human foreskin

Many of us who write about vaccines point out the zombie myths of the anti-vaccine world. These are myths about vaccines that we successfully debunk, then a few months, even years later, they reappear on the scene. And numerous websites breathlessly report these myths as if they’re new news. The new old zombie myth is that somehow human foreskin ends up in your vaccine.

We will discuss how human foreskin is related to vaccines, and it is fairly interesting. But you can guess that the only reason this is a thing is because there is a huge intersection between the intactivists, those who oppose circumcision, and the anti-vaccine world.

We’re going to ignore the whole circumcision argument, even though there is a lot of scientific evidence supporting it as a medical procedure, as this article is solely about vaccines, or at least the use of human foreskin in developing and producing vaccines. And why human foreskin in vaccines is another zombie myth.

Continue reading “Human foreskin in vaccines – another anti-vaccine zombie myth”

DNA kits by mail order – accuracy of determining your ancestry?

DNA kits

You’ve seen these advertisements on TV. Get one of these DNA kits, give them a sample of your DNA along with a few hundred to a few thousand dollars, and mail it to one of the DNA testing companies. Wait some time, and they send back information about your ancestry, potential diseases, and other information.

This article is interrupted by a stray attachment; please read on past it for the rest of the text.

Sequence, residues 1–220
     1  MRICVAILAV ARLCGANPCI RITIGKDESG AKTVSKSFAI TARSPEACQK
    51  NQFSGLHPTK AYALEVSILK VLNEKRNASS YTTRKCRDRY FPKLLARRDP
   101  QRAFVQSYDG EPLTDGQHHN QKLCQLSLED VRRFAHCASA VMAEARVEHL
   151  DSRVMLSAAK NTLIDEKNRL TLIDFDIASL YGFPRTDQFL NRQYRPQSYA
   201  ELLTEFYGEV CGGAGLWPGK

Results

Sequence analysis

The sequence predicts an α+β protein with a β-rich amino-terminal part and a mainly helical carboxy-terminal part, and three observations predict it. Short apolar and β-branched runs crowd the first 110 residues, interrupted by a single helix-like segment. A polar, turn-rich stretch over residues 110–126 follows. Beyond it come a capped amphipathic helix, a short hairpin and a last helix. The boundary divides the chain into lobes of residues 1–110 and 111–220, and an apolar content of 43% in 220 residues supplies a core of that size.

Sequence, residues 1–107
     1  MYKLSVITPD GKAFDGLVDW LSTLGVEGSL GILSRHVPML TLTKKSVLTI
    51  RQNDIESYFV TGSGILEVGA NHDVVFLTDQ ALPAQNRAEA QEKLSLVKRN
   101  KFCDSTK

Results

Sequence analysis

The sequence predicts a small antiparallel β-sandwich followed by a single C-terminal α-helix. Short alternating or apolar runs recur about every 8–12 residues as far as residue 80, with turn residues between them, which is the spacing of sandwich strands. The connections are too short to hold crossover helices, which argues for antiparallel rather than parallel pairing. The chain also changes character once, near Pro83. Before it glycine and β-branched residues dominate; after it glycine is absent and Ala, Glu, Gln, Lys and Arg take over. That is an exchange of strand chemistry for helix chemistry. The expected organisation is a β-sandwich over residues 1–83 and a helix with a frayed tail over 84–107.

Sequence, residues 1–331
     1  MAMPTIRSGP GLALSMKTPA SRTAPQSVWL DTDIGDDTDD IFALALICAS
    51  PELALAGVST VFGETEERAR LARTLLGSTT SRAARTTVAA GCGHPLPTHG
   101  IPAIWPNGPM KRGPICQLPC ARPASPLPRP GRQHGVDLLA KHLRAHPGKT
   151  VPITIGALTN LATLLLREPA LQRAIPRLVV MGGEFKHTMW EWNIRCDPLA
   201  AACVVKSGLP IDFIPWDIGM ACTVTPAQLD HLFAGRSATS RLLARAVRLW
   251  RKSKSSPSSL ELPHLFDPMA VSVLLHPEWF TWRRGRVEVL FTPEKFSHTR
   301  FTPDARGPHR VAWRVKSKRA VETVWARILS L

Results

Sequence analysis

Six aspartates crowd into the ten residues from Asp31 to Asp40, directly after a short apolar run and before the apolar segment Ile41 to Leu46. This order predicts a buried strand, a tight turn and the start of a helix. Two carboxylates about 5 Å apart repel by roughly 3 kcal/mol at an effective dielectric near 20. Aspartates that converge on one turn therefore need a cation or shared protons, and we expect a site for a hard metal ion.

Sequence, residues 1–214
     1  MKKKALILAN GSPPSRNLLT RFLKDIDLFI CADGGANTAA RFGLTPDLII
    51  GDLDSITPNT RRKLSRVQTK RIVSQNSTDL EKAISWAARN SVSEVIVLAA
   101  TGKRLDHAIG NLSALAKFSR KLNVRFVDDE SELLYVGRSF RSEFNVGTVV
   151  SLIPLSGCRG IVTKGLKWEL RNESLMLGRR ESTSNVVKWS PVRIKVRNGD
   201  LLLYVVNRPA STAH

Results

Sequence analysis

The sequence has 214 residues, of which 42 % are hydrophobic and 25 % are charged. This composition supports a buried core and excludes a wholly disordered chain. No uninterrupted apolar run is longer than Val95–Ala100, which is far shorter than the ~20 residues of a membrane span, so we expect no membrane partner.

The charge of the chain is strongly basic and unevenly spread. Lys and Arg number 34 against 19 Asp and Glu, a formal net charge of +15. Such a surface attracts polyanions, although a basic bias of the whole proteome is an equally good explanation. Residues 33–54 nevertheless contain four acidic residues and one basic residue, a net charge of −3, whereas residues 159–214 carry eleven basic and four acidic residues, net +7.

There seems to be a strange belief that if these DNA kits say you’re 28% German, or 37% Italian, or 13% Japanese, it speaks the truth. Anecdotally, I’ve had boatloads of friends get this test done, and they take pride in their new or confirmed ethnicity. And I won’t even go into the scares some have had from the presumptive medical diagnoses made from some genetic marker found in the result.

We’re going to focus on the ethnic testing aspect of these DNA kits. But without a doubt, there’s a lot of concern out there about those tests leading to inaccurate medical diagnoses. Many genetic diseases, like diabetes, don’t have a purely genetic cause, but generally there’s a combination of genetic and environmental basis.

23andMe, one of the leading companies in mail order DNA kits, has had a roller-coaster relationship with US FDA. After all of the back and forth, the FDA has stated that 23andMe can market their tests for genetic testing, but cannot market them as diagnostic tests. I’m not sure the public will see the difference in that.

However, I’m going to focus on what bothers me about these tests – they are becoming the basis of some kind of scientific racism. We are highlighting, and sometimes misrepresenting, patterns of differences in human species by a sampling of genes.

Let’s take a look at these DNA kits – how they do the testing. How they determine these racial/ethnical characterization. And how one should interpret the results. Continue reading “DNA kits by mail order – accuracy of determining your ancestry?”